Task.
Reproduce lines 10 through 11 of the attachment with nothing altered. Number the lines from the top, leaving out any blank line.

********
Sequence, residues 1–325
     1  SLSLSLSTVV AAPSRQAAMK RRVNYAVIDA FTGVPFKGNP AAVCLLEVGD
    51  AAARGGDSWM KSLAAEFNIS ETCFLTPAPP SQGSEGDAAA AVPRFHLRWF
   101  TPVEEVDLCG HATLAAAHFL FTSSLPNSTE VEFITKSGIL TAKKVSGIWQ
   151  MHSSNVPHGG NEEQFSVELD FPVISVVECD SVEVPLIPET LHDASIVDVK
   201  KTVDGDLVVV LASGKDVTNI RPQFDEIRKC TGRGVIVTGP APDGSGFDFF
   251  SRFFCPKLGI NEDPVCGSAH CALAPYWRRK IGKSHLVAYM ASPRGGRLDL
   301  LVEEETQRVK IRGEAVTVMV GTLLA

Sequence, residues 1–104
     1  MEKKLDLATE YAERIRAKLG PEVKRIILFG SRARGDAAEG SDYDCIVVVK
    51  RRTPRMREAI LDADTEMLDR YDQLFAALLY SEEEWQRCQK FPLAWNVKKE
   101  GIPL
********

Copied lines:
     1  MEKKLDLATE YAERIRAKLG PEVKRIILFG SRARGDAAEG SDYDCIVVVK
    51  RRTPRMREAI LDADTEMLDR YDQLFAALLY SEEEWQRCQK FPLAWNVKKE